IN: Reviews

Unexpected Delight


It seemed unlikely to work – an orchestra of 27 players and 130 singers – but the performance of Handel’s Messiah presented by the Cambridge Community Chorus on Sunday, December 13, 2009, at MIT’s Kresge Auditorium was a delight to hear. The success was no accident. The orchestra was full of young faces, inspired and eager. Jamie Kirsch conducted with enormous energy, dancing on the podium with huge gestures, pulling the whole show along with grace and vitality. The soloists were more than up to the task, and the acoustics in Kresge – often a bit muddy – were unusually clear, drawing the audience into the excitement of the performance. Every syllable of the text was audible throughout the hall – a tribute to the soloists and chorus  but also to the acoustics. It was a rare delight to hear this piece with no need for a libretto or surtitles.

Although beloved by choruses worldwide, Handel’s Messiah really belongs to the soloists and the orchestra, and in this performance both were terrific. The chorus was well-prepared, singing with enthusiasm and surprisingly good pitch. The amateur voices were many – but not overly strong, and their diction was excellent.  In spite of the imbalance of numbers the balance between the chorus and orchestra was good.

The first few notes from the orchestra and the tenor soloist Lawrence Jones set the scene: great clarity and uniformity of pitch in the strings, perfect intonation and diction from the tenor.  Krista River (my favorite) sang the alto part with wonderful emotional sensitivity. Robert Honeysucker used his powerful instrument to crowd pleasing effect. Deborah Selig (the soprano) showed a bit of stage fright. At the beginnings of her arias the vibrato was wide and rapid, interfering with both pitch and text. (The emotional impact of a word like “corruption” is blunted when the vibrato is too high.) But she got the wobbles under control as she sang. The “Rejoice greatly” aria was moving, especially “He shall speak peace.” The audience applauded.

The unusual clarity of the sound deserves mention. Like many other pieces the Messiah is musical theater as well as music. Drama theaters (and movie theaters) are acoustically dry for a good reason: drama directors know that when the performers are perceived by the brain as acoustically close to the listeners, the sound requires that the listeners pay attention. An emotional bond is established. When there are too many reflections – particularly early reflections – the performers lose this acoustic closeness, and the drama suffers. The Kresge stage – large and surrounded by hard wood surfaces – often produces this muddy sound. But here the huge chorus completely filled the back of the stage, absorbing all the back-wall reflections.  In addition, the orchestra and soloists were on the extended stage, well away from the side walls and close to the audience. Their sound had great dramatic clarity, making emotional contact at a primitive, visceral level. (The oboes and bassoon, stuck in the back next to the chorus, were not so lucky. I could rarely hear them.) The Holtcamp organ – also close to the audience – was wonderful to hear, and contributed some welcome bass energy in the final chorus. Kresge lacks the churchy reverberation that is so popular these days – but the audience engagement it provided greatly enhanced this performance.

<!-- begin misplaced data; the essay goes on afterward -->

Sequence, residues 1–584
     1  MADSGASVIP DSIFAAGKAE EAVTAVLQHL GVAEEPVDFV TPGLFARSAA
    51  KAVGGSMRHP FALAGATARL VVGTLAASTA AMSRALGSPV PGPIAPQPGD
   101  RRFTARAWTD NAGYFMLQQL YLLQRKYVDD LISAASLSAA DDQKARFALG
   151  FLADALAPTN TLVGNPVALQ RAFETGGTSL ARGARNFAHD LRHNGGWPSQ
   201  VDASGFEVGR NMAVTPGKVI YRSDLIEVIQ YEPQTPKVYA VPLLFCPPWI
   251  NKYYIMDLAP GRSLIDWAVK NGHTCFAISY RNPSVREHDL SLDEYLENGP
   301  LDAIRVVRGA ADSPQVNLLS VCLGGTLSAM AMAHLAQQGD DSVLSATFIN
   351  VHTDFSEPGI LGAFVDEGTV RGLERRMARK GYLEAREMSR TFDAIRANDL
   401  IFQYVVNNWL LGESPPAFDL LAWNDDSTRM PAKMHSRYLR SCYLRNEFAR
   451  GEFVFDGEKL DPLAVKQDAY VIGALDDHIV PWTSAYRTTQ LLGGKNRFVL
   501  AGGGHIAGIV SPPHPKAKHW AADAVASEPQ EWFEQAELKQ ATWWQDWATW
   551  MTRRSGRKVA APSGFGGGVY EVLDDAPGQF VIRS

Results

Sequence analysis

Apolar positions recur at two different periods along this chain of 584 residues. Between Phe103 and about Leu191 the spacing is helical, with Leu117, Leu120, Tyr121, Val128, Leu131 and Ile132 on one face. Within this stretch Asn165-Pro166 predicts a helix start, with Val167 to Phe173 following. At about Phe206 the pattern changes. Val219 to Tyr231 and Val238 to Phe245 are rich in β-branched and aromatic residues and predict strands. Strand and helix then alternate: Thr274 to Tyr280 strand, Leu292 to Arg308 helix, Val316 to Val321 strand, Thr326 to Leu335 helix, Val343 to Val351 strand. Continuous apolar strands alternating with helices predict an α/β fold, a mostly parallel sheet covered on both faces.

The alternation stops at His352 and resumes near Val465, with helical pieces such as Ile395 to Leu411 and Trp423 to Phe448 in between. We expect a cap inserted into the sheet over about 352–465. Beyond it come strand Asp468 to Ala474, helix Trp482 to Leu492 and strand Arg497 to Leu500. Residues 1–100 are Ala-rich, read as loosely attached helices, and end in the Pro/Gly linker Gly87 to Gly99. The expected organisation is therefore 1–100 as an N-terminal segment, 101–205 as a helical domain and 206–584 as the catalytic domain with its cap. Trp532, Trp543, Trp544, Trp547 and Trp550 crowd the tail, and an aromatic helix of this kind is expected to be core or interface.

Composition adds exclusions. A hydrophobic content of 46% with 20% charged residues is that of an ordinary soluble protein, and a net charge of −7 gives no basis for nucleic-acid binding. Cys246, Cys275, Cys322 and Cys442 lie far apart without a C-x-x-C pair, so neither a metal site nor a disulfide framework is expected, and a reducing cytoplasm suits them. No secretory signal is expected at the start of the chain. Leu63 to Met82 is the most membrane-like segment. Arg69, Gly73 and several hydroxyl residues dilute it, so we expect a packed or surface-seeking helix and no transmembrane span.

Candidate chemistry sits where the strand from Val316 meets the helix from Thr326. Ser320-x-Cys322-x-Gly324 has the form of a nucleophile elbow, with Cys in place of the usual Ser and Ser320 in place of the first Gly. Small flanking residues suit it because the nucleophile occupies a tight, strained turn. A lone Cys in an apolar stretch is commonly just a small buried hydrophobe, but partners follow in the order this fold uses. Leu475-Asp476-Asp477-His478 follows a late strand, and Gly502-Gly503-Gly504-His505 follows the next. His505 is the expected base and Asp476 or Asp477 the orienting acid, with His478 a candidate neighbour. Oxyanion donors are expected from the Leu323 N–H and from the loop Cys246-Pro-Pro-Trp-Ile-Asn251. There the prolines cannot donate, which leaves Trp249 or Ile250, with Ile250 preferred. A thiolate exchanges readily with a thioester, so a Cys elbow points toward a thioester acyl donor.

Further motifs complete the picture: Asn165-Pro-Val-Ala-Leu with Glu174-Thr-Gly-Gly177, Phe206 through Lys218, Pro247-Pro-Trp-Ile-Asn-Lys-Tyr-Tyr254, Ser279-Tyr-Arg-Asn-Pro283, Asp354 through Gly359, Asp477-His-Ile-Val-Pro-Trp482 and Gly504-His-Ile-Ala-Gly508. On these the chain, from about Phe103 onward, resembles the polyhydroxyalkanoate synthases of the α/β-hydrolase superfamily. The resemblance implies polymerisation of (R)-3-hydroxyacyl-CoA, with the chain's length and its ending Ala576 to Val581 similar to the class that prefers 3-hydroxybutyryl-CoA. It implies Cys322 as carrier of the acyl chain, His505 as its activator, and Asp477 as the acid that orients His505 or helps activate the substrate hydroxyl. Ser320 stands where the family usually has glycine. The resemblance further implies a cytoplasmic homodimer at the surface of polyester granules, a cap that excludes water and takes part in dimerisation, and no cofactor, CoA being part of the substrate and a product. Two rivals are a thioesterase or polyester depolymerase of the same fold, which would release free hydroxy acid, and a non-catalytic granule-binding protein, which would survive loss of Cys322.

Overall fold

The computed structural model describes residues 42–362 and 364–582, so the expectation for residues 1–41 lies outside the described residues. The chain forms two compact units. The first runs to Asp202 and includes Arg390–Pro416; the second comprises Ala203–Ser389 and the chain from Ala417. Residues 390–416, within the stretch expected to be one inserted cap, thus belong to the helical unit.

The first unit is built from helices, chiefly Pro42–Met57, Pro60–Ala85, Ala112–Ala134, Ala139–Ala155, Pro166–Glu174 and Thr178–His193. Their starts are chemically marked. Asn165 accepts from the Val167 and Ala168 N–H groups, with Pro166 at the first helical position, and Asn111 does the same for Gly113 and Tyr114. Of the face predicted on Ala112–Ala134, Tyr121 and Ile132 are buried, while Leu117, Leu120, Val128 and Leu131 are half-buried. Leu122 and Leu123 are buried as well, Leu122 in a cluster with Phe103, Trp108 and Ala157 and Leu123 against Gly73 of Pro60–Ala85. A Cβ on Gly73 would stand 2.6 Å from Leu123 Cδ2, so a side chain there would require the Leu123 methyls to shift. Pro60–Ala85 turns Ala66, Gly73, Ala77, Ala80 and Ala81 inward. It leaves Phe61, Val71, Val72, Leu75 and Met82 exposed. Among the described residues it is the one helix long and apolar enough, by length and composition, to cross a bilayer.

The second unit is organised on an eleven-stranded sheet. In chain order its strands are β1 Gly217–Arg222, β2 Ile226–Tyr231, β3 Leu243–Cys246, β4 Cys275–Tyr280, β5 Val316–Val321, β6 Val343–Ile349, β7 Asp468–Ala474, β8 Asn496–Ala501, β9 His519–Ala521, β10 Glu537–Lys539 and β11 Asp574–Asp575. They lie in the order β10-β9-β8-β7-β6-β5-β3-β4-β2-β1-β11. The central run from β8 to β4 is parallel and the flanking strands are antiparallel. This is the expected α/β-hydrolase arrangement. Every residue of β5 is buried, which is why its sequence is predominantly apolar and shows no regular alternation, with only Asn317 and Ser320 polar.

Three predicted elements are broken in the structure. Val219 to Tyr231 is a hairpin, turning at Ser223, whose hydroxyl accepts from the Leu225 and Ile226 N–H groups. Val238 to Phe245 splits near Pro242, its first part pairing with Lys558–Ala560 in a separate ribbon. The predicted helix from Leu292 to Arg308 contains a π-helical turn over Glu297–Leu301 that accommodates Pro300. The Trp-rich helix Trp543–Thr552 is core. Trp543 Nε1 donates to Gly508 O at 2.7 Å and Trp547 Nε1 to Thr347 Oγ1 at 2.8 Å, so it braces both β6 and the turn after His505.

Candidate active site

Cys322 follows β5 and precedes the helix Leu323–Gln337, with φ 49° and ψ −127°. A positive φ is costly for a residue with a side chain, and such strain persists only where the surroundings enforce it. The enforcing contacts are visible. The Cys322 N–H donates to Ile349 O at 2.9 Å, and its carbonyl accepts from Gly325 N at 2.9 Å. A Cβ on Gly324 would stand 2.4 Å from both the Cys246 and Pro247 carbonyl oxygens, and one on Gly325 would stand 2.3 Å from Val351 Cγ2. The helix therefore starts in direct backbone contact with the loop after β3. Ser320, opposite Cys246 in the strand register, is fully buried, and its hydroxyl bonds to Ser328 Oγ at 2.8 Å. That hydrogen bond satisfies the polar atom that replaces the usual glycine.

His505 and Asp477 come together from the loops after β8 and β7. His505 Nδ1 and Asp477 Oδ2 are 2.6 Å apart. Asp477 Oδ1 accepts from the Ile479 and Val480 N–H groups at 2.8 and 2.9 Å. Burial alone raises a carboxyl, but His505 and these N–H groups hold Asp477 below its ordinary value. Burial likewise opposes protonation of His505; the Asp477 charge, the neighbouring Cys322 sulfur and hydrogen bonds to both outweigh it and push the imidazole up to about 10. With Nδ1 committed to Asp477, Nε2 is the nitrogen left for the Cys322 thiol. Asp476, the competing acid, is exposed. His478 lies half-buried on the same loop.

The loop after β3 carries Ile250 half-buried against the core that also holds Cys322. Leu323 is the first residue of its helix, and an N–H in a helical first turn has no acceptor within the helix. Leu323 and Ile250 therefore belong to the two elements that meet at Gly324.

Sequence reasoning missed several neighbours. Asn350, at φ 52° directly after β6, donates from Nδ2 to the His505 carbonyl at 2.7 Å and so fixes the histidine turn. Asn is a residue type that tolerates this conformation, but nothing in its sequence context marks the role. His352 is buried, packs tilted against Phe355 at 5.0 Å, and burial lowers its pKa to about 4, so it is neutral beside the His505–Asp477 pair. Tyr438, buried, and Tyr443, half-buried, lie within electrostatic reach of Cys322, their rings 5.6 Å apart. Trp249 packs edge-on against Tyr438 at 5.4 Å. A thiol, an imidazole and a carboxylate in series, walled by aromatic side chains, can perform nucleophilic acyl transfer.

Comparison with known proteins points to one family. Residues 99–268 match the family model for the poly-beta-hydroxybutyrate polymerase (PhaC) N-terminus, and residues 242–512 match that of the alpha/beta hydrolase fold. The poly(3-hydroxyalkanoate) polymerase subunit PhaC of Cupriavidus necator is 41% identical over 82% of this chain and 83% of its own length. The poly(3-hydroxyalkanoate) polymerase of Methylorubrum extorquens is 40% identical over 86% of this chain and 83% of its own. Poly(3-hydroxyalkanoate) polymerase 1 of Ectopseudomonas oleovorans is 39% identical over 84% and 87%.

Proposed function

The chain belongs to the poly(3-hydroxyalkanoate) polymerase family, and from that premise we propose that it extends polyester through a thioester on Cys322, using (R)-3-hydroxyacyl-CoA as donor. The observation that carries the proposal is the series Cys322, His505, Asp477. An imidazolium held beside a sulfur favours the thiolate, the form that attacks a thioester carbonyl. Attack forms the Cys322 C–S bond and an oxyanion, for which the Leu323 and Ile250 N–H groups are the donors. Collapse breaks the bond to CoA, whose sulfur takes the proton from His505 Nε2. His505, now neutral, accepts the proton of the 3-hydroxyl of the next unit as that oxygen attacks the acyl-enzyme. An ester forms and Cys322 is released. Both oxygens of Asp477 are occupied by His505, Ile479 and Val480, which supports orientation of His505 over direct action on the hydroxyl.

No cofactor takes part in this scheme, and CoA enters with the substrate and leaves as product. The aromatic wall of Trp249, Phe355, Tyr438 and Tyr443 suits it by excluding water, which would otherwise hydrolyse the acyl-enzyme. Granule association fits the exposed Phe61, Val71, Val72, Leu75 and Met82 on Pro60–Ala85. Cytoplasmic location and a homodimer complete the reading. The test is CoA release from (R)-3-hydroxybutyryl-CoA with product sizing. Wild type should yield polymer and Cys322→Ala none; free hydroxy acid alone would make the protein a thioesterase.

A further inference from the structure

Boston is blessed with several halls (Boston Symphony, Jordan, and Sanders) that provide both excellent emotional contact and a sense of reverberation. The acoustic excellence of these halls is well known, and they are in constant use. Other cities are not so blessed, and modern halls and operas are almost always built to favor reverberation over audience engagement. This performance showed that if you have to choose, clarity of sound should have a higher priority than reverberation.

All in all, a fine performance of a great piece.

David Griesinger is a Harvard-trained physicist who is eminent in the field of sound and music. His website is here.

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